Once more, I have no problem in the principle of training children about spiritual roots.

If children rebel, parents should continue to pray for them, love them, and reach out to them.

I recognize that there are parents who, notwithstanding an outpouring of love and a diligent and faithful effort to teach them, see their children grow in a contrary manner and weep while their wayward sons and daughters willfully pursue courses of tragic consequence. For such I have great sympathy, and to them I am wont to quote the words of Ezekiel: “The son shall not bear the iniquity of the father, neither shall the father bear the iniquity of the son” (Ezekiel 18:20).

Once in a while, notwithstanding all the things you try to do, there is a rebellious child. But keep at it. Do not ever give up. You have never lost as long as you try. Keep at it.

If any of you have a child or loved one in that condition [of rebelliousness], do not give up. Pray for them and love them and reach out to them and help them.

Sometimes it may seem too late. … Yet, remember my thornless locust tree [see pages 171–72]. Surgery and suffering brought about something beautiful, whose later life has provided welcome shade from the heat of the day.

Amen, prayer for our children is not overrated. It’s crucial to raising up godly children.

We strengthen our families as we seek heaven’s help and nurture a spirit of love and respect for each other.

[Raising a family] may not be easy. It may be fraught with disappointment and challenge. It will require courage and patience. … Love can make the difference—love generously given in childhood and reaching through the awkward years of youth. It will do what money lavished on children will never do.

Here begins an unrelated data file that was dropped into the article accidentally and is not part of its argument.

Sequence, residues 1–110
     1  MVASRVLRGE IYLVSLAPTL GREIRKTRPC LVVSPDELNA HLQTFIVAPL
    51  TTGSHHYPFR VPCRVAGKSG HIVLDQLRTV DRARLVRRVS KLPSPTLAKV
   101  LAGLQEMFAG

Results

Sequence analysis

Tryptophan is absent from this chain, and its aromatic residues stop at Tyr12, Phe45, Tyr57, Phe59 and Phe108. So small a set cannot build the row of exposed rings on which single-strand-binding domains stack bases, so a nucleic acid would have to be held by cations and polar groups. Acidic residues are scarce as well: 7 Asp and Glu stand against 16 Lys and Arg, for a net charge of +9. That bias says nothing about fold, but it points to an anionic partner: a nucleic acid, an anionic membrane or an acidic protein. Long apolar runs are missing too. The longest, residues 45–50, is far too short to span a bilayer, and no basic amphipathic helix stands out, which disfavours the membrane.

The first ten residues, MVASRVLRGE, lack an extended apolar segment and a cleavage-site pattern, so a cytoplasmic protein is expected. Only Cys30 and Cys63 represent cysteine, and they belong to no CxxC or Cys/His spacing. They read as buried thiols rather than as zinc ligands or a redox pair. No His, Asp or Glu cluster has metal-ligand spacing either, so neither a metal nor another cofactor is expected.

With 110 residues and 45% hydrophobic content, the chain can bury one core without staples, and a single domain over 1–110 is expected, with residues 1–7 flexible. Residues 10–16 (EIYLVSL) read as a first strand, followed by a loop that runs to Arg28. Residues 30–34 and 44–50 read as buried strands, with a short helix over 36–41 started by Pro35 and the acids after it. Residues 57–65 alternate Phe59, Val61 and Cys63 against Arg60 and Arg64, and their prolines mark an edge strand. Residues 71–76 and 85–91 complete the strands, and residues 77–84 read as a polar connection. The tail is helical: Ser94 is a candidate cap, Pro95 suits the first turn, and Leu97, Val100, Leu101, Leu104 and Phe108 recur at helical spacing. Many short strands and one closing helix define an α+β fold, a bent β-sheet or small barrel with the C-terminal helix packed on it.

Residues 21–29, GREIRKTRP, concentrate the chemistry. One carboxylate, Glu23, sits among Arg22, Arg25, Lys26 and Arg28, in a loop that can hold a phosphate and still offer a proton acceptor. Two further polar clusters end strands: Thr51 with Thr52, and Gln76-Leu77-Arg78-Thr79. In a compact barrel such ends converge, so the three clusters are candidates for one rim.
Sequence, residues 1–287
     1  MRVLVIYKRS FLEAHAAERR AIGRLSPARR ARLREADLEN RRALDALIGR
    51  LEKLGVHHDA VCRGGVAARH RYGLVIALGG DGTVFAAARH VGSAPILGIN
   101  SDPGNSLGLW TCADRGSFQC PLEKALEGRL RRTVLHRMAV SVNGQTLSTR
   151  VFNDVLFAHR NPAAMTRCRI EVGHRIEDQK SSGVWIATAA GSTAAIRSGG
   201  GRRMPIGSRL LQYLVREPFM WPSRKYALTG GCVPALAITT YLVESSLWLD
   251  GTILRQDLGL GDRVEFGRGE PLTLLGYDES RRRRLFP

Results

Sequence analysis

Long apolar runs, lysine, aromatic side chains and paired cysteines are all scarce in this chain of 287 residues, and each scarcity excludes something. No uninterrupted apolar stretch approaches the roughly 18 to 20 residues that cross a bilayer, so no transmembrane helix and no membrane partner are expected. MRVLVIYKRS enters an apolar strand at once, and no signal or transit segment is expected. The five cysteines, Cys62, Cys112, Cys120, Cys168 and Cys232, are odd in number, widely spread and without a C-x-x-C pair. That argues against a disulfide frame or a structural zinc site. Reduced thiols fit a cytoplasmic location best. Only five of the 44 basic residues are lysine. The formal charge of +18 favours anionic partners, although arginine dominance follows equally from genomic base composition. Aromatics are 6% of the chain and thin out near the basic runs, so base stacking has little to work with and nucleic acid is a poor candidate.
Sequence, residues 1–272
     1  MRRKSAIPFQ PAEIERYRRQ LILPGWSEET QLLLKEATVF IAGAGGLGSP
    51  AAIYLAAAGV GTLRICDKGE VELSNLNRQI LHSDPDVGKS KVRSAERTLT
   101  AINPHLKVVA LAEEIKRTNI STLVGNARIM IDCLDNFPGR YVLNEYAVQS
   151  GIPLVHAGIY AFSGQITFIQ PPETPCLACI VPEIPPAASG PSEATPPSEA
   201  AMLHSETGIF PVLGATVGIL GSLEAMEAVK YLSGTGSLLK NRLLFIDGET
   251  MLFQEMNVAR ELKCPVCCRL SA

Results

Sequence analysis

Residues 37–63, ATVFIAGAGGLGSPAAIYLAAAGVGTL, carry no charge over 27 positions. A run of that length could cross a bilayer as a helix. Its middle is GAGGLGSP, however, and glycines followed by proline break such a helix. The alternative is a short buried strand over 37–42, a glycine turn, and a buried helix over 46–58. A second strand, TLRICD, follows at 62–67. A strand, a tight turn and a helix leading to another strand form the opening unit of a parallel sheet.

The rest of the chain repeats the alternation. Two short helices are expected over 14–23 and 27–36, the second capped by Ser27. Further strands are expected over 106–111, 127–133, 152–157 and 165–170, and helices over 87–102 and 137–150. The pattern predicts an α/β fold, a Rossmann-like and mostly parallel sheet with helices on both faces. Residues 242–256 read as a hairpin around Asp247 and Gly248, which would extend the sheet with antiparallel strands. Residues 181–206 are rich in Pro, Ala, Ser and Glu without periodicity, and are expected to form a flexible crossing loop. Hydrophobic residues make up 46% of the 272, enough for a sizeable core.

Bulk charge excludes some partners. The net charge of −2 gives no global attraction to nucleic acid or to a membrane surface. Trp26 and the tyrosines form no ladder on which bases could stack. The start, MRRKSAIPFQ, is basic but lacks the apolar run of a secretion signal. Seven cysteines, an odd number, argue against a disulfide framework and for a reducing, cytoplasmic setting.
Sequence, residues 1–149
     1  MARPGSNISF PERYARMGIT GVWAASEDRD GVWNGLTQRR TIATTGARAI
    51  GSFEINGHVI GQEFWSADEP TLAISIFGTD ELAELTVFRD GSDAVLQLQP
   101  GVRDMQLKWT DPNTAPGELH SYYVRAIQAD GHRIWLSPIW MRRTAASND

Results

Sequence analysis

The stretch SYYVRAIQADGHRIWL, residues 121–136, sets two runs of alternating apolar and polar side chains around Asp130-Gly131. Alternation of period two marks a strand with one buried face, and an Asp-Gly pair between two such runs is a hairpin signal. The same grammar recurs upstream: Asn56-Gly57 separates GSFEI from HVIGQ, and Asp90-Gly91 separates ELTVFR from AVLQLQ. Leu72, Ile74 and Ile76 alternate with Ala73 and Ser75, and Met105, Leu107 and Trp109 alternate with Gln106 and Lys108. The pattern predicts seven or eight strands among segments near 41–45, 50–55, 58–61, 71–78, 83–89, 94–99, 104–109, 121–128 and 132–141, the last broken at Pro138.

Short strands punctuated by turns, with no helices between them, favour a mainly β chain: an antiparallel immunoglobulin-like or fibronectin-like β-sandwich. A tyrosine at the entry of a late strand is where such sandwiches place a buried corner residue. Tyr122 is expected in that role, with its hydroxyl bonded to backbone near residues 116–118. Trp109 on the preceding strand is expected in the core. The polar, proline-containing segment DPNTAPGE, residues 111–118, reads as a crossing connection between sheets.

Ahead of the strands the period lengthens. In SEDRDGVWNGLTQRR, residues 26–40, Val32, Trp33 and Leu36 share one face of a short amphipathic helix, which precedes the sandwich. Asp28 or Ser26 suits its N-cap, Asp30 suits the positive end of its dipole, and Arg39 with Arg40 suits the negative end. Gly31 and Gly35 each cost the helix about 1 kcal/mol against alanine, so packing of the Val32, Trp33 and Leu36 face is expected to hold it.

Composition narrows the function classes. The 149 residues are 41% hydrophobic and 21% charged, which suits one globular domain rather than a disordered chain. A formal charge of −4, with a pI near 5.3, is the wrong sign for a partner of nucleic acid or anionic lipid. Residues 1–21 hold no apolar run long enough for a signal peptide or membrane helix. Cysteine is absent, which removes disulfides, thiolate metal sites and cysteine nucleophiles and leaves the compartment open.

—And patience, with a bridling of the tongue and self-mastery over anger. …

—And encouragement that is quick to compliment and slow to criticize.

These, with prayers, will accomplish wonders. You cannot expect to do it alone. You need heaven’s help in raising heaven’s child—your child, who is also the child of his or her Heavenly Father.

Every child, with few possible exceptions, is the product of a home, be it good, bad, or indifferent. As children grow through the years, their lives, in large measure, become an extension and a reflection of family teaching. If there is harshness, abuse, uncontrolled anger, disloyalty, the fruits will be certain and discernible, and in all likelihood they will be repeated in the generation that follows. If, on the other hand, there is forbearance, forgiveness, respect, consideration, kindness, mercy, and compassion, the fruits again will be discernible, and they will be eternally rewarding. They will be positive and sweet and wonderful. And as mercy is given and taught by parents, it will be repeated in the lives and actions of the next generation.

I speak to fathers and mothers everywhere with a plea to put harshness behind us, to bridle our anger, to lower our voices, and to deal with mercy and love and respect one toward another in our homes.

It was said of old that “a soft answer turneth away wrath.” (Prov. 15:1.) We seldom get into trouble when we speak softly. It is only when we raise our voices that the sparks fly and tiny molehills become great mountains of contention. … The voice of heaven is a still small voice [see 1 Kings 19:11–12]; likewise, the voice of domestic peace is a quiet voice.

Of course, there is need for discipline with families. But discipline with severity, discipline with cruelty inevitably leads not to correction but rather to resentment and bitterness. It cures nothing and only aggravates the problem. It is self-defeating.

There is no discipline in all the world like the discipline of love. It has a magic all its own.

Let us continually work to strengthen our families. Let husbands and wives cultivate a spirit of absolute loyalty one to another. Let us not take one another for granted, but let us constantly work to nurture a spirit of love and respect for each other.

Except for our disagreement concerning preexistence and the potential for families being together forever, I agree with the vast majority of the advice given by the president. I don’t have a problem saying that because I also agree with much of what Dr. Laura, Dr. Phil, and other nonChristian counselors say. When it comes to families, I would have to say that Christians can learn much from the Mormons, including spending more time together as a family. For more on this, see 10 Things Christians Can Learn from Mormons.

If you think I’m always this easy, well, stay tuned for my review of chapter 12 of this manual (“Obedience: Simply Live the Gospel”)!